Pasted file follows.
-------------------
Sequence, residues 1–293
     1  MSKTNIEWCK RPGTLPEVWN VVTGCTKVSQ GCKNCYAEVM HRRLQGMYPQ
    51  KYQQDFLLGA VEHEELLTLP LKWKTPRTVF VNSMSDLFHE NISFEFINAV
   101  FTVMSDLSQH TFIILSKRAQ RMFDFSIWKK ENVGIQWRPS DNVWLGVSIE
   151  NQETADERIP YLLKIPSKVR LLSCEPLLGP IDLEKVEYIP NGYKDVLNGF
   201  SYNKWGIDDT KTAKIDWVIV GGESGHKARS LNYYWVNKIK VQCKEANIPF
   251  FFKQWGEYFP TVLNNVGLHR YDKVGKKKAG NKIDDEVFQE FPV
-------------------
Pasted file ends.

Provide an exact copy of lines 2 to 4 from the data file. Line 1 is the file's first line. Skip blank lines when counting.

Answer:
     1  MSKTNIEWCK RPGTLPEVWN VVTGCTKVSQ GCKNCYAEVM HRRLQGMYPQ
    51  KYQQDFLLGA VEHEELLTLP LKWKTPRTVF VNSMSDLFHE NISFEFINAV
   101  FTVMSDLSQH TFIILSKRAQ RMFDFSIWKK ENVGIQWRPS DNVWLGVSIE